It was billed as a fund-raiser for Gov. Gary Locke. At least that's why 400 people each paid $500 to eat finger food last night in the ballroom of a downtown Seattle hotel.
But the event quickly turned into an impromptu pep rally for beleaguered Bill Gates and Microsoft, fresh from a pummeling by a federal court judge in Washington, D.C.
Gates was a co-host of the Locke fund-raiser and introduced the governor to the crowd. And while he made no mention of his legal troubles, Locke did.
No one should be surprised that a local politician paid homage to the hometown software magnate. But Locke made it clear last night that he thinks his friends in the Clinton administration will ultimately lose their case against his friend in Redmond.
The applause was long and loud for Microsoft's co-founder.
"Too bad I'm not running for office," Gates joked.
It was almost as if Locke were there merely to introduce Gates.
"I think the press was timing the applause, and we know that the person who got the most was Bill Gates, and deservedly so," said Locke, who then called for "another big round of applause for Bill Gates."
For the record, it was close. Gates had a 43-second ovation to Locke's 34 seconds.
A lot in common
Last night's event was a bit of a pick-me-up for Locke and Gates. Both have hit rough spots in their careers.
Gates' problems are well documented in the statement of facts issued by a federal court judge on Friday, declaring Microsoft was operating a monopoly.
Locke last week faced the overwhelming approval of Initiative 695, an anti-tax measure the first-term Democrat had strongly opposed.
"You know Bill and I actually have a lot in common," Locke said. "Well, both of us had our hair poked fun of."
(Locke has a notorious bowl cut, while Gates maintains a "Leave-It-To-Beaver" style.)
"We've been accused of concentrating so much on our work we never had time to get a life, and, before we found our spouses, our parents gave up on us. . . . And, of course, last, but not least, we both had very interesting weeks last week."
Locke also pointed out that he and Gates have children about the same age. Their wives are friends and co-chair the Governor's Commission on Early Learning.
Locke said he was sure everyone in the audience believed as he did, that "in Bill's case the judge's ruling will be overturned and Microsoft will ultimately prevail."
"No company and no individual has done more to empower people, to level the information-playing field, to serve the consumers than Microsoft and Bill Gates," Locke said.
Gates' good works
Gates' charitable giving was hailed by Locke and first lady Mona Locke, the mistress of ceremonies for the event.
Locke used the rest of his speech to reiterate that he will follow the voters' wishes in implementing I-695 and by giving his standard stump speech - although with a bit more emotion and gusto than normal - about the importance of education.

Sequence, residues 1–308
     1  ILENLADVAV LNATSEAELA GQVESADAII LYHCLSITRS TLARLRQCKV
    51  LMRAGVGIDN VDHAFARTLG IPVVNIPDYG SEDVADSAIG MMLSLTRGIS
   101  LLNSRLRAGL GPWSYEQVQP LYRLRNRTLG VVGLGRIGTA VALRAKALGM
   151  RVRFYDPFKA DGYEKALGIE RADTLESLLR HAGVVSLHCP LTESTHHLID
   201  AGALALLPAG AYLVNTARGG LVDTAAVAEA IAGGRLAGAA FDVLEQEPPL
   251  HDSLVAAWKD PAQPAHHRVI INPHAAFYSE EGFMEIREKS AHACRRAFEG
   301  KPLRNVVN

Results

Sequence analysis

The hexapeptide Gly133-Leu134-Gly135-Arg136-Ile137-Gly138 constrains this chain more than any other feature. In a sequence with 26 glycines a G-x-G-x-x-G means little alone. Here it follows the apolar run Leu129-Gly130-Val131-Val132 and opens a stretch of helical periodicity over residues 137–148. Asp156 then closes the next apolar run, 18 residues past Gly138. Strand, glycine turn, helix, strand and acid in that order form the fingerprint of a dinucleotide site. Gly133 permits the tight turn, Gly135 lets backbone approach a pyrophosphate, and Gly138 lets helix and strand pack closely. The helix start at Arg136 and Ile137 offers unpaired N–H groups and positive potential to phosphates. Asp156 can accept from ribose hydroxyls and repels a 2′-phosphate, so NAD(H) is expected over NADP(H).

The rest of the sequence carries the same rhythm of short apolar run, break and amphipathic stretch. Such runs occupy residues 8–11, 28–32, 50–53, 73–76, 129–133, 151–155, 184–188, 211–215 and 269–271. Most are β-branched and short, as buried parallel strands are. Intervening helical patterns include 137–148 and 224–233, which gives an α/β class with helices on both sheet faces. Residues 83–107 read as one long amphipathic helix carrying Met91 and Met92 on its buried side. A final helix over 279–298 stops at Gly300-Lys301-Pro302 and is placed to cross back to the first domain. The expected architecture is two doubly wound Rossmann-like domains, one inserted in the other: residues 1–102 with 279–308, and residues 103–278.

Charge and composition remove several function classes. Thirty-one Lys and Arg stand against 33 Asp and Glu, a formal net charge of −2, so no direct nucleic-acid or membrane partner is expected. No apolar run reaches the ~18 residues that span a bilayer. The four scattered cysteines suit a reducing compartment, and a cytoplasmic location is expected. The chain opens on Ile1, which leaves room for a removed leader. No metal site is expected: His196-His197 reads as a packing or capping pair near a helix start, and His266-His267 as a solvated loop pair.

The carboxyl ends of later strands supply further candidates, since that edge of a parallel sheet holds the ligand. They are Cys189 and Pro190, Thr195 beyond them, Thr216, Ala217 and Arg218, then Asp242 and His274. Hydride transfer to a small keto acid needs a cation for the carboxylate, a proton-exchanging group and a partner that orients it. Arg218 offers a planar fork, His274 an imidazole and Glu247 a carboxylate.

Gates gave a short introduction, talking of Locke's support for education and the technology role he plays on the National Governor's Association.
After Locke's speech, Gates talked briefly to the governor about I-695 and the state's initiative process.
"That whole referendum thing is fascinating," Gates told Locke. "Maybe we can tap that for education the same way."
"We'll have to talk about that," Locke said.
Gates was mobbed by the crowd as he made his way from the ballroom. People shook his hand, touched his arm, asked him for help for various causes and urged him to keep fighting the federal government.
"I'll do my best," Gates told one man.
While it was a low-key speech, it was unusual in that Gates doesn't normally take a public role in politics. He has been giving more donations recently and trying to maintain a bipartisan approach. He recently hosted a fund-raiser for Republican Sen. Slade Gorton, another critic of last week's court ruling.
Republican Party Chairman Dale Foreman, a possible opponent of Locke's next year, said Gates has been very generous to the party. He said a Microsoft executive told him recently, "There are a lot of people out there who always assumed they were Democrats, but all of a sudden with this antitrust investigation and talking around the water cooler, they realize they are free-marketeers."
`A true American hero'
Praising Gates is one of the few things Foreman agrees with Locke about.
"Gates is a true American hero," Foreman said. "He has created jobs for our economy, but he has created hope for our kids. Any politician would love to hitch their wagon onto Microsoft's star."
Although Locke has not yet officially announced he is running for a second term, Bill Marler, an attorney and Locke's campaign-finance chairman, said the campaign had raised about $500,000 before last night.
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